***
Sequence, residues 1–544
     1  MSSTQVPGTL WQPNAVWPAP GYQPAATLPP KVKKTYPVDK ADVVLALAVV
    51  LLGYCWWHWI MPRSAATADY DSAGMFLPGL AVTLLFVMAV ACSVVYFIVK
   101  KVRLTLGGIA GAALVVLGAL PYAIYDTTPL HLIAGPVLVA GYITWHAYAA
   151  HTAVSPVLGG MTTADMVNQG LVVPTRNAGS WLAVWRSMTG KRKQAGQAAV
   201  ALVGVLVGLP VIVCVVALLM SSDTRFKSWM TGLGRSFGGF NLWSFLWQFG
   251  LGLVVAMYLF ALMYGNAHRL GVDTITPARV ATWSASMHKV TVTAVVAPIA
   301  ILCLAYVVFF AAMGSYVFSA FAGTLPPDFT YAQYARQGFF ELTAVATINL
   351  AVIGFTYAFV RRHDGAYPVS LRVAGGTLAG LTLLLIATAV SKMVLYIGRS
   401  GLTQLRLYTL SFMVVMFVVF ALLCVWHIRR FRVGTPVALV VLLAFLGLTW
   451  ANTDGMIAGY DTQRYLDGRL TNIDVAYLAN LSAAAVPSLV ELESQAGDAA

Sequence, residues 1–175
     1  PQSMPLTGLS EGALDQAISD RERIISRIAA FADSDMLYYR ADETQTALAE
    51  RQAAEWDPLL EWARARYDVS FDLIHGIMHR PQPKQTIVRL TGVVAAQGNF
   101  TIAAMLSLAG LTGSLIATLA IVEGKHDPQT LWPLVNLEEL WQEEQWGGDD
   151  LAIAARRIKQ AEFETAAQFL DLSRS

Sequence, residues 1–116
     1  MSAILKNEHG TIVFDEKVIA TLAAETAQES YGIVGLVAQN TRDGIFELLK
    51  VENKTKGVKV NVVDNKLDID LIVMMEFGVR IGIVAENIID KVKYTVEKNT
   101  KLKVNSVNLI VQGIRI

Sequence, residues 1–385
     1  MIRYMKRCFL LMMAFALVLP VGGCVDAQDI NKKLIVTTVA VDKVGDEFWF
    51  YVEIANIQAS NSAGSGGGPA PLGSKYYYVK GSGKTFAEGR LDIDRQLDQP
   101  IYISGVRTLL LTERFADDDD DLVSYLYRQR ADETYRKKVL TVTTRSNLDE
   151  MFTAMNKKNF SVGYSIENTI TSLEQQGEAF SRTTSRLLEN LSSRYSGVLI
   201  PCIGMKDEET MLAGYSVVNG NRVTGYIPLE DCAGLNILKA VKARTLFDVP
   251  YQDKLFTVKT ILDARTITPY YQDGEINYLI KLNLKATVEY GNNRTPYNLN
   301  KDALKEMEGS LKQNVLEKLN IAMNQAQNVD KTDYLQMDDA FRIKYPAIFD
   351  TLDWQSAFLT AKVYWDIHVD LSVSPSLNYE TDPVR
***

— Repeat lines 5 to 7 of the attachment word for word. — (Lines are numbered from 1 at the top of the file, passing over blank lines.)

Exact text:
   151  HTAVSPVLGG MTTADMVNQG LVVPTRNAGS WLAVWRSMTG KRKQAGQAAV
   201  ALVGVLVGLP VIVCVVALLM SSDTRFKSWM TGLGRSFGGF NLWSFLWQFG
   251  LGLVVAMYLF ALMYGNAHRL GVDTITPARV ATWSASMHKV TVTAVVAPIA